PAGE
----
Crash analysis suggests fixes for intersection where VCU student died
The number of car-related pedestrian crashes in the city has been on the mind of Sharon Shaw for some time now.
“I'm just a mom and a pediatrician,” said Sharon Shaw. Over the past months, she has been submitting requests to have Strong Towns hold a Crash Analysis Studio, an ongoing webinar series the group produces.
Strong Towns is a nonprofit media advocacy organization that produces content that “analyzes the failures of the post-war North American development pattern while giving citizens the knowledge and tools to start making our places better today.”
The organization, based in Minnesota, holds community workshops, hosts podcasts and provides data and resources on transportation issues for advocacy groups.
“So Strong Towns had an initiative last year to begin this project of looking at crashes around the country,” said Shaw. “The first crash I submitted was the one on Broad Street that happened where a car flipped and hit a pedestrian on the sidewalk. And it was very dramatic, but it's not normal. Whereas what happened at VCU is actually very normal. Unfortunately.”
On the last Friday morning in January, a student at Virginia Commonwealth University died after being struck by a driver while crossing the street near Monroe Park.
“It is with profound sadness that we share news about the death of VCU student Mahrokh Khan. Just before 9 a.m. this morning, Mahrokh was struck by a vehicle while crossing the street at Laurel and West Main Streets,” wrote Aaron Hart, vice president of student affairs, in an email to students. “She was transported to VCU Medical Center where she was later pronounced dead.”
Also in the VCU email to the school community, college officials offered counseling services and reminded students to share the road, use designated crosswalks and to stay focused at traffic signals.
Two days later, on Jan. 30, another pedestrian was injured on South Laurel Street. In that same general area in 2022 around Monroe Park — near campus buildings and student housing — there were five car-related pedestrian incidents resulting in injuries, according to statistics from the Department of Motor Vehicles.
Mahrokh Khan’s death at that intersection also struck a deeper chord with Shaw, as her son attends the same school.
“He parks in that garage that's right at that intersection and walks to classes right now,” she said.
Strong Towns accepted Shaw’s request for a Crash Analysis Studio and held the webinar last week.
“Last year, over 40,000 people died in automobile crashes in the United States, hundreds of thousands more suffered traumatic injuries,” said program director Rachel Quednau. “And despite the best efforts of public safety officials, these numbers have been increasing, and all of our lives are impacted.”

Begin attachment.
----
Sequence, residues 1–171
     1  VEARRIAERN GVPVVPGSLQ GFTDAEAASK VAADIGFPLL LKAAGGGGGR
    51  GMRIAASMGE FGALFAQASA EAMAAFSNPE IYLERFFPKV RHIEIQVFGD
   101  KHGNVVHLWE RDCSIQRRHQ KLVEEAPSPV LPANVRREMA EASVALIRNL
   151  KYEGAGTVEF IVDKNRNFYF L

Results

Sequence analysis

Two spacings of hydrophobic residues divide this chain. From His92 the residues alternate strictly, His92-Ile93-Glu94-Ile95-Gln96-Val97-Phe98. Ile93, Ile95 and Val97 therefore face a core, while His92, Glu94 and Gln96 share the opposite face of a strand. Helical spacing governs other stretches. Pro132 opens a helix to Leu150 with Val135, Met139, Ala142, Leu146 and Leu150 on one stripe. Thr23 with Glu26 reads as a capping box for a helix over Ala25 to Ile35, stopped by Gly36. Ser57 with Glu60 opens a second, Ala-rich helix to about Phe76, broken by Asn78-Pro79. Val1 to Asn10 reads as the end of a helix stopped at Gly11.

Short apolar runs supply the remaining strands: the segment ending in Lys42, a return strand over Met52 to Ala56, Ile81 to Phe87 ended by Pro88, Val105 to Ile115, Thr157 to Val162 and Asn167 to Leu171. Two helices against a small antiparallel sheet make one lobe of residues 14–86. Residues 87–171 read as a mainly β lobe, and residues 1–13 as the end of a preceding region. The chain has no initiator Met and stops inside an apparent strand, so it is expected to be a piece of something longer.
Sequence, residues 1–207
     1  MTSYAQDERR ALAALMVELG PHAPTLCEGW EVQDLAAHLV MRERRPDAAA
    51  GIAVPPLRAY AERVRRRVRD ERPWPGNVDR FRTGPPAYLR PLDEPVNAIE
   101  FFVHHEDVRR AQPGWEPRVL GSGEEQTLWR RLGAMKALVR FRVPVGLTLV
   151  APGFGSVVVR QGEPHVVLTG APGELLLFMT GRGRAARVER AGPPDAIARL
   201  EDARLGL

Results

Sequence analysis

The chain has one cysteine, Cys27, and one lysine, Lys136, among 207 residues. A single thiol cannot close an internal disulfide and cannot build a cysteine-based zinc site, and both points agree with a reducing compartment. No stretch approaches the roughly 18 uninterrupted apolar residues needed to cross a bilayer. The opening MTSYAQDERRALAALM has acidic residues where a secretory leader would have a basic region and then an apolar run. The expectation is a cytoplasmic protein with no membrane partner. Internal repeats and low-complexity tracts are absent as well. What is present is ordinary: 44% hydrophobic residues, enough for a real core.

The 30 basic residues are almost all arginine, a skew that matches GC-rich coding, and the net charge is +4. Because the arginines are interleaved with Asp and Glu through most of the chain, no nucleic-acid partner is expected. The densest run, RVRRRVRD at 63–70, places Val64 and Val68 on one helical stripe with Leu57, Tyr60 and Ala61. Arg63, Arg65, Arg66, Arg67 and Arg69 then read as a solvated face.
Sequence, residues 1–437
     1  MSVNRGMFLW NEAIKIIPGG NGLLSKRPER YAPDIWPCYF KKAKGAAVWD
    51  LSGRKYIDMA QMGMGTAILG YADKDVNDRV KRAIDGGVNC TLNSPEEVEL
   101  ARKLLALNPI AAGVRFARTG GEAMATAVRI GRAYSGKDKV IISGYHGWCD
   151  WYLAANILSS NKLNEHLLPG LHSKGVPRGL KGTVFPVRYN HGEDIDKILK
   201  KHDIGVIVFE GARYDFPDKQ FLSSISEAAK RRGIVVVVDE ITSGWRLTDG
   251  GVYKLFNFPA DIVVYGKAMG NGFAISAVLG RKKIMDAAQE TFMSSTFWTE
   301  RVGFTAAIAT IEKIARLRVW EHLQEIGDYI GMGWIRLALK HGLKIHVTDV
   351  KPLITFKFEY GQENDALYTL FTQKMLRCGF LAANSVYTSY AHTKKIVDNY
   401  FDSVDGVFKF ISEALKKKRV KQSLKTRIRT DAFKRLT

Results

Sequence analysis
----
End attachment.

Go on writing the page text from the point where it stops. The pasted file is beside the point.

Quednau, who also moderated the event, said car crashes are caused by multiple factors.
“There's a prevalent misconception that car crashes are caused solely by mistakes that drivers make, looking at your phone, changing the radio, speeding, even drinking alcohol,” she said. “And when a crash occurs, the American response is often to send out law enforcement and insurance agencies merely to assign blame. Who made the mistake that causes [the] crash? Who are we going to put the blame on?”
The goal of holding a crash analysis course, according to Quednau, is to dig deeper into underlying factors that may have caused the accident and come up with recommendations that can happen quickly.
“We need to identify all of the contributing factors and learn what we can from the experience so that we can reduce the number of deaths and traumatic injuries in our communities,” Quednau said.
Problem intersection: Main and Laurel streets
“At this intersection, there's clearly an engineering issue,” said Edward Erfurt, director of community action at Strong Towns. “When I look at the intersection, one of the things that strikes me as odd is that you can see the crosswalk is not actually perpendicular and none of the lines line up to connect — so there's some dysfunction with that.”
Erfurt added the lanes are too wide and the curb radius doesn’t seem to meet American with Disabilities Act requirements. He also said it’s hard for drivers to see some pedestrians on one corner because of a light pole. Erfurt added pedestrians may stand behind it to feel safer as cars go past — but that makes it harder for drivers to see them.
Another factor panelists brought up is speed and the one-way design of Main Street. The posted speed limit at Main and Laurel is 25 mph.